MIDI (Musical Instrument Digital Interface, IPA: /ˈmɪdi/) is an industry-standard protocol that enables electronic musical instruments, computers, and other equipment to communicate, control, and synchronize with each other. MIDI allows computers, synthesizers, MIDI controllers, sound cards, samplers and drum machines to control one another, and to exchange system data.
MIDI does not transmit an audio signal or media — it transmits "event messages" such as the pitch and intensity of musical notes to play, control signals for parameters such as volume, vibrato and panning, cues, and clock signals to set the tempo. As an electronic protocol, it is notable for its widespread adoption throughout the industry, and for continuing in use since its introduction in 1983
By the end of the 1970s, electronic musical devices were becoming increasingly common and affordable. However, devices from different manufacturers were generally not compatible with each other and could not be interconnected. Different interfacing models included analog control voltages at various standards (such as 1 volt per octave, or the logarithmic "hertz per volt"); analog clock, trigger and "gate" signals (both positive "V-trig" and negative "S-trig" varieties, between −15V to +15V); and proprietary digital interfaces such as Roland Corporation's DCB (digital control bus), the Oberheim system, and Yamaha's "keycode" system. In 1981, audio engineer and synthesizer designer Dave Smith of Sequential Circuits, Inc. proposed a digital standard for musical instruments in a paper for the Audio Engineering Society. The MIDI Specification 1.0 was published in August 1983.
Since then, MIDI technology has been standardized and is maintained by the MIDI Manufacturers Association (MMA). All official MIDI standards are jointly developed and published by the MMA in Los Angeles, California, USA (http://www.midi.org),
and for Japan, the MIDI Committee of the Association of Musical Electronic Industry (AMEI) in Tokyo (http://www.amei.or.jp).
The primary reference for MIDI is The Complete MIDI 1.0 Detailed Specification, document version 96.1, available only from MMA in English, or from AMEI in Japanese.
In the early 1980s, MIDI was a major factor in bringing an end to the "wall of synthesizers" phenomenon in progressive rock band concerts, when keyboard performers were often hidden behind huge banks of analog synthesizers and electric pianos. Following the advent of MIDI, many synthesizers were released in rack-mount versions, which meant that keyboardists could control many different instruments (e.g., synthesizers) from a single keyboard.
In the 1980s, MIDI facilitated the development of hardware and computer-based sequencers, which can be used to record, edit and play back performances. In the years immediately after the 1983 ratification of the MIDI specification, MIDI interfaces were released for the Apple Macintosh, Commodore 64, and the PC-DOS platform, allowing for the development of a market for powerful, inexpensive, and now-widespread computer-based MIDI sequencers. The Atari ST came equipped with MIDI ports as standard, and was commonly used in recording studios for this reason. Synchronization of MIDI sequences is made possible by the use of MIDI timecode, an implementation of the SMPTE time code standard using MIDI messages, and MIDI timecode has become the standard for digital music synchronization.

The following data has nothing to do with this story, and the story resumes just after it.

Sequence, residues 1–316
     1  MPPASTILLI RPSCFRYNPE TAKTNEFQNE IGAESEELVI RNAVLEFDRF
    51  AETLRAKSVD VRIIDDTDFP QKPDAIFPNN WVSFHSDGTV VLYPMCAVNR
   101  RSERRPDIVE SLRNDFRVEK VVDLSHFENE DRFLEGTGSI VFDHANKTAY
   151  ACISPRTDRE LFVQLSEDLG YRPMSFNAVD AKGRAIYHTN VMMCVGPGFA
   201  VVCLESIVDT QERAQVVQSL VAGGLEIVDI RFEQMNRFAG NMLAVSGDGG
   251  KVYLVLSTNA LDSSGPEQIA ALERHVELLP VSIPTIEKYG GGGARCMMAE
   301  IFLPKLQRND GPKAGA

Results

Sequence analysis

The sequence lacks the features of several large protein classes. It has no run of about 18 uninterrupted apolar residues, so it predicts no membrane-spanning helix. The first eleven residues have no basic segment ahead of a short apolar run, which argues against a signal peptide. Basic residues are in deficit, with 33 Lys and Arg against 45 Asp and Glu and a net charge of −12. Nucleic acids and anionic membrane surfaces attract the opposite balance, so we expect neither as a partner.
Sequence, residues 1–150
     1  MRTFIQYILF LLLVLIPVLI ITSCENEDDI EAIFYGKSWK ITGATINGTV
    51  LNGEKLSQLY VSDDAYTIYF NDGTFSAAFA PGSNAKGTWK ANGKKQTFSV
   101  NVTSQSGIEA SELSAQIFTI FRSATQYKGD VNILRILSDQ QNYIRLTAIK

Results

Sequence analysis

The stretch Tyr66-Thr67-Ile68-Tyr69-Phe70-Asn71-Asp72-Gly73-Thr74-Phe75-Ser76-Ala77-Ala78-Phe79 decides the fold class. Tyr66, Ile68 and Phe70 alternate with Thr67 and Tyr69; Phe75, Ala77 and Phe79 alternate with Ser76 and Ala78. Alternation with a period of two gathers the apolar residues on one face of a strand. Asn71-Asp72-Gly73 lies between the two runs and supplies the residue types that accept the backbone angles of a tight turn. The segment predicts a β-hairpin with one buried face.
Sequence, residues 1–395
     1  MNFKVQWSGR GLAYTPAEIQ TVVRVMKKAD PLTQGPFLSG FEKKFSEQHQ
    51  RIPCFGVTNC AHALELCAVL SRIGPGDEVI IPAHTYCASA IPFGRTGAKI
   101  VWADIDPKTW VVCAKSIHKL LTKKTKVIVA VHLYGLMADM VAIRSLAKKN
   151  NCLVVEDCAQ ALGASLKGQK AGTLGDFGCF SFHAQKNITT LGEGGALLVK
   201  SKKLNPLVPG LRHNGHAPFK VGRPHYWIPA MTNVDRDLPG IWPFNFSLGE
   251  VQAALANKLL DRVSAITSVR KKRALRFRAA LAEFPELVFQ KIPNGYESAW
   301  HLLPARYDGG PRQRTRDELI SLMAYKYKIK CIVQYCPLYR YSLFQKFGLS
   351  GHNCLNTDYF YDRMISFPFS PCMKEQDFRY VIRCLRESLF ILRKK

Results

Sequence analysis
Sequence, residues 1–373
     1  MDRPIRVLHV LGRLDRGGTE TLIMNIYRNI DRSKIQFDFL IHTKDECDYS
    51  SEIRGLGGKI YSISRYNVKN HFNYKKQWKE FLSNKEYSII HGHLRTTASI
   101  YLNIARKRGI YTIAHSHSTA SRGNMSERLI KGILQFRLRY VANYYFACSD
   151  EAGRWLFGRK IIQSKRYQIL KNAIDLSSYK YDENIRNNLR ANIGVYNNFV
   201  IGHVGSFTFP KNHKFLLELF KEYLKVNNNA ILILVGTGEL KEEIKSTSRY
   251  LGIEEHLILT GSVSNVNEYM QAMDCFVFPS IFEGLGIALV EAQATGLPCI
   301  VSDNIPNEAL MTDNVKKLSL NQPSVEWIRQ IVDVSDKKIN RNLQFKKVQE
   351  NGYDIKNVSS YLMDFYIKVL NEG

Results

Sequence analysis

In 1991, the MIDI Show Control (MSC) protocol (in the Real Time System Exclusive subset) was ratified by the MIDI Manufacturers Association. The MSC protocol is an industry standard which allows all types of media control devices to talk with each other and with computers to perform show control functions in live and canned entertainment applications. Just like musical MIDI (above), MSC does not transmit the actual show media — it simply transmits digital data providing information such as the type, timing and numbering of technical cues called during a multimedia or live theatre performance.
A number of music file formats have been based on the MIDI bytestream. These formats are very compact; a file as small as 10 KiB can produce a full minute of music or more due to the fact that the file stores instructions on how to recreate the sound based on synthesis with a MIDI synthesizer rather than an exact waveform to be reproduced. A MIDI synthesizer could be built into an operating system, sound card, embedded device (e.g. hardware-based synthesizer) or a software-based synthesizer. The file format stores information on what note to play and when, or other important information such as possible pitch-bend during the envelope of the note or the note's velocity.
This is advantageous for applications such as mobile phone ringtones, and some video games, however it may be a disadvantage to other applications in that the information is not able to guarantee an accurate waveform will be heard by the intended listener, because each MIDI